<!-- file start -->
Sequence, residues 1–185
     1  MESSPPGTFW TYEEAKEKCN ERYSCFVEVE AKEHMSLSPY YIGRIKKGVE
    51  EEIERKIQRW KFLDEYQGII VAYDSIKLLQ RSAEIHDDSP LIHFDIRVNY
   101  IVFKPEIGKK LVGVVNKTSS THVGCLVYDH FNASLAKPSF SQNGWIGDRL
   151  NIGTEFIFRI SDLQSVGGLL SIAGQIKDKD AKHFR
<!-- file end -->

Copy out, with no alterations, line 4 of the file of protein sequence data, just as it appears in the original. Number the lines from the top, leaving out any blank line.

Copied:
   101  IVFKPEIGKK LVGVVNKTSS THVGCLVYDH FNASLAKPSF SQNGWIGDRL